What we discovered was that neither the Yale nor the Harvard study actually exists. There is no evidence that the studies took place and no papers were ever published. Yet the "goal-setting to-money" study is a particularly imperishable business myth that has circulated for several decades. It persists despite sound debunking efforts on the part of entities such as Fast Company, which conducted an in-depth investigation of the myth in 1996.
Here's an interesting piece about phantom research, business mythology, and evaluating the research stories we hear.
It's a good and interesting read -- not so much about being skeptical, but questioning and thinking carefully about research that is presented to us, particularly when it is imbedded within a story.
No question -- it's a tricky dance. The best way to convey data is through a story -- doing so builds trust credibility, believability, and emotional connection. The easiest way to manipulate and skew research is through the stories you tell about it.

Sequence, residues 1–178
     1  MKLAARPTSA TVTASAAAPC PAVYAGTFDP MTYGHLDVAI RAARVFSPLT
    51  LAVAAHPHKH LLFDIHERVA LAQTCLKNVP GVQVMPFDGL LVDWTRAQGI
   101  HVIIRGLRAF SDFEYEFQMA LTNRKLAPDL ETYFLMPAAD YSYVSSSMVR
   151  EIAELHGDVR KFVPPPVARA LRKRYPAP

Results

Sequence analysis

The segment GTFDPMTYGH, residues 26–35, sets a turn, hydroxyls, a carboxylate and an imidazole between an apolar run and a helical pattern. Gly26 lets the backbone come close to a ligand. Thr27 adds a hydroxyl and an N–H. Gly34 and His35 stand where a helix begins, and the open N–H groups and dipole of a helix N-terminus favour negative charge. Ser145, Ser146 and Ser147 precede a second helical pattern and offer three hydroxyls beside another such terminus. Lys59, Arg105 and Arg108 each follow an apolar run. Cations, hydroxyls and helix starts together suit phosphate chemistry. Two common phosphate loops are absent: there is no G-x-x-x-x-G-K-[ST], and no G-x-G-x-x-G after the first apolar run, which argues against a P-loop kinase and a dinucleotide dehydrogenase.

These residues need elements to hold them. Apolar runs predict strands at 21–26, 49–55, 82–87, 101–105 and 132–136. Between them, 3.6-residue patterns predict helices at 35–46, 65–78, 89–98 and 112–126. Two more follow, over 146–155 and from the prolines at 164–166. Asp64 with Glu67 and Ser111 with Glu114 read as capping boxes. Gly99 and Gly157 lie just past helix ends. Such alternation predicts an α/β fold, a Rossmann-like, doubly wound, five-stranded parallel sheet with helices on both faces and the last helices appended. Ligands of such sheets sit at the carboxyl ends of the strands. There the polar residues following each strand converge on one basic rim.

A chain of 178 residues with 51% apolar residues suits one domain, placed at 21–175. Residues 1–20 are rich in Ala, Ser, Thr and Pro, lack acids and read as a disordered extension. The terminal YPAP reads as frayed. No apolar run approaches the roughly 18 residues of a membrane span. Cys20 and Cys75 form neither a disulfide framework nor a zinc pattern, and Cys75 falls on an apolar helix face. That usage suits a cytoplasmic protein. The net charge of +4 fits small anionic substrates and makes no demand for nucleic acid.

What to do? Obviously for the teller it is to represent the research accurately. In presentations when I talk about story research, I always offer the original research up for review for any listener who wants it.
For the listener, it's to check the research you hear about. Don't accept it unquestioningly. Ask for the original document.
Now go read the article to discover what popular biz myth was busted!